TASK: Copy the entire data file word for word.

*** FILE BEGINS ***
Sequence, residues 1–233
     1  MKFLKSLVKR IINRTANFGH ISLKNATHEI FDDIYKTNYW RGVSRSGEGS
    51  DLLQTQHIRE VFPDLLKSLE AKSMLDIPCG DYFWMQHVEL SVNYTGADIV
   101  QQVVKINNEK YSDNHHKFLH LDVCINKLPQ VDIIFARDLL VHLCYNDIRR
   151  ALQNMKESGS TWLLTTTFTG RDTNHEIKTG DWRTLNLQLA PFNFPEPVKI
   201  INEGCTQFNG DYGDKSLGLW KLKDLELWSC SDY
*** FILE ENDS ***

Sequence, residues 1–233
     1  MKFLKSLVKR IINRTANFGH ISLKNATHEI FDDIYKTNYW RGVSRSGEGS
    51  DLLQTQHIRE VFPDLLKSLE AKSMLDIPCG DYFWMQHVEL SVNYTGADIV
   101  QQVVKINNEK YSDNHHKFLH LDVCINKLPQ VDIIFARDLL VHLCYNDIRR
   151  ALQNMKESGS TWLLTTTFTG RDTNHEIKTG DWRTLNLQLA PFNFPEPVKI
   201  INEGCTQFNG DYGDKSLGLW KLKDLELWSC SDY